Loading in 2 Seconds...
Loading in 2 Seconds...
Impact of African Dust on Clouds and Precipitation in a Caribbean Tropical Montane Cloud Forest (PRADACS). Olga L. Mayol-Bracero Institute for Tropical Ecosystem Studies University of Puerto Rico, Río Piedras Campus Kickoff Meeting University of Puerto Rico – Río Piedras Campus
Download Policy: Content on the Website is provided to you AS IS for your information and personal use and may not be sold / licensed / shared on other websites without getting consent from its author.While downloading, if for some reason you are not able to download a presentation, the publisher may have deleted the file from their server.
Olga L. Mayol-Bracero
Institute for Tropical Ecosystem Studies
University of Puerto Rico, Río Piedras Campus
University of Puerto Rico – Río Piedras Campus
Interactions among aerosols, clouds, and precipitation are thought to shape the behavior of the climate system (ACPC).
Aerosols – leading source of uncertainty in the climate forcing
Clouds – largest source of uncertainty in estimates of equilibrium climate sensitivity
Precipitation – most poorly quantified yet essential climate variable.
ACP interactions are key aspects for tropical climate research, yet lack of data has limited our understanding of processes occurring in these pristine regions of the world, especially for the Caribbean.
We propose to meet this need by performing field measurements to provide a comprehensive data set on clouds, precipitation, and on cloud-influencing aerosols, particularly from African dust (AD), in a TMCF in the Caribbean.
We envision that our findings will apply not only to the TMCF and PR, but also to other tropical islands and coastal tropical regions that are highly vulnerable to climate change.
ACPC Science Plan and Implementation Strategy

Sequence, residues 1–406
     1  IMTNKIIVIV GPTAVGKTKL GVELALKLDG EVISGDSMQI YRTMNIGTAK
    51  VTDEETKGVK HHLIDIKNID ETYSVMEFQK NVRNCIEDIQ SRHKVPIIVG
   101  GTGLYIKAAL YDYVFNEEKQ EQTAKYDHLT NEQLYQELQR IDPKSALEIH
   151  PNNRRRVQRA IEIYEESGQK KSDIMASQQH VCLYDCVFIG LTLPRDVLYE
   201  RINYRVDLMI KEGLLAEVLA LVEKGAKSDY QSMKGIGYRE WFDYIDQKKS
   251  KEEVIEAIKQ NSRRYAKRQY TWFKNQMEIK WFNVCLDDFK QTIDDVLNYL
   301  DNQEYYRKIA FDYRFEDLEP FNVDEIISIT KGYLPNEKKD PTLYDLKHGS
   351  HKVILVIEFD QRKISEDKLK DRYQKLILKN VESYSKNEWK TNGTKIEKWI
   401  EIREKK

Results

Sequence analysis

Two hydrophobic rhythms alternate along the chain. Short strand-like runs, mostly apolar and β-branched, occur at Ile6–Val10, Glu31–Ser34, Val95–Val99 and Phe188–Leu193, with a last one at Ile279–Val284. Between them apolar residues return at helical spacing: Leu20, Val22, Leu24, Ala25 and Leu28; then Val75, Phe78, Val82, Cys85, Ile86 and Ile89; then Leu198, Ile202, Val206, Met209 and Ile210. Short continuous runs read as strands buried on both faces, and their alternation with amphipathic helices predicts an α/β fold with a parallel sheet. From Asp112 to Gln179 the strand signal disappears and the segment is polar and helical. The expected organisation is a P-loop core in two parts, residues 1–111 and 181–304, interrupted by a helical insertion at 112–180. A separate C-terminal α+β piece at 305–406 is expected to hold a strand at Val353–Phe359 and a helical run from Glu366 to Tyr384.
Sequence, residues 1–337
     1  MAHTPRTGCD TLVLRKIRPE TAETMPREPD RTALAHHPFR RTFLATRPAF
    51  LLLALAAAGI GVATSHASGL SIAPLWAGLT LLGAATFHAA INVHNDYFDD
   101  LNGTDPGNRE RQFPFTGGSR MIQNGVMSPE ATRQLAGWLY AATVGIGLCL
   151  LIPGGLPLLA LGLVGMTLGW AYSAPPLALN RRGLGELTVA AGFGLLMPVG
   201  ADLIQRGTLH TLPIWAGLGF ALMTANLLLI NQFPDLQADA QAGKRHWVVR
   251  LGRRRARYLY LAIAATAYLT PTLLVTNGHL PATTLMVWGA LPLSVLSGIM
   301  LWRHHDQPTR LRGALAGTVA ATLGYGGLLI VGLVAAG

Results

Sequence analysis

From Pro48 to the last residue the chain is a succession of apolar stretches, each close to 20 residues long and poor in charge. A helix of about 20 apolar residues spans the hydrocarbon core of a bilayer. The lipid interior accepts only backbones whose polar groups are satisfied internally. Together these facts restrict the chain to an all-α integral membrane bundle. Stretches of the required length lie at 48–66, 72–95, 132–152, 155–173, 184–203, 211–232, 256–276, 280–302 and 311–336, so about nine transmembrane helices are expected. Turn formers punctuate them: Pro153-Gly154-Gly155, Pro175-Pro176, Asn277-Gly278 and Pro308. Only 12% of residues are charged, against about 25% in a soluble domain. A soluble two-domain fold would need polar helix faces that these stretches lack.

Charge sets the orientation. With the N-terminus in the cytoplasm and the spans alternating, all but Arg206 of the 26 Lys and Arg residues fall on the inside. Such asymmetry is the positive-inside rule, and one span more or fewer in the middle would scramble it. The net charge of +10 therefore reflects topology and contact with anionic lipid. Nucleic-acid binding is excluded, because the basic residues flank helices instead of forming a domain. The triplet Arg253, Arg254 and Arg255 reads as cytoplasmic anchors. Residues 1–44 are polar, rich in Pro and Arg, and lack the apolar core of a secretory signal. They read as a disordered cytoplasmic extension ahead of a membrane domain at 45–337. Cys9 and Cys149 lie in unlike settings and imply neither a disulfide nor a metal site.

TMCFs that are tightly coupled to the atmospheric hydrologic cycle.
TMCFs are believed to be the most sensitive and vulnerable of the world’s ecosystems to climate change (Lugo and Scatena, 1992, Loope and Gambelluca, 1998).
Relative to lowland tropical forests, TMCFs have persistent cloud or fog cover, reduced solar isolation, low temperatures, low nutrient availability, saturated soils, impeded root respiration, high winds, high humidity, and lower productivity (e.g., Tanner et al. 1992; Scatena, 1995).
Hotspots of biodiversity associated with high levels of endemism (Brown and Kapelle, 2001).
Atmospheric warming is raising the altitude of cloud cover that provides TMCF species with moisture via predictable and prolonged immersion in clouds or rainfall (Pounds et al. 1999), shifting habitats upslope and forcing TMCF species into an increasingly smaller area and even to extinction. (Monteverde, Costa Rica, Pounds et al. 1999, 2006).
TMCFs’ biological diversity and extreme sensitivity to climate change point to their use as an advanced warning system for detecting climate change (Lugo and Scatena, 1992; Benzing, 1998).
Therefore… TMCFs an interesting ecosystem to see the effects AD might have on cloud formation and precipitation.
Dust particles impact visibility, health, ecosystems, and influence the Earth’s radiative balance by scattering solar radiation in the atmosphere and by affecting cloud formation, and thus, cloud albedo.
Cloud radiative properties and rain formation in warm clouds both depend on cloud droplet size distribution (CDSD).
CDSD is determined by aerosol CCN activation spectra and cloud base updraft.
AD is important because it not only changes the number of CCN, but also may provide giant CCN (GCCN) (Teller and Levin 2006) and, thus, has a significant effect on raindrop size and rainfall intensity.
The impact of aerosols on rainfall, cloud lifecycle and cover and eventual energy budget is a primary reason to investigate processes controlling the aerosol CCN activation spectra.
LRTAD affects ecosystems, human health, weather, and climate.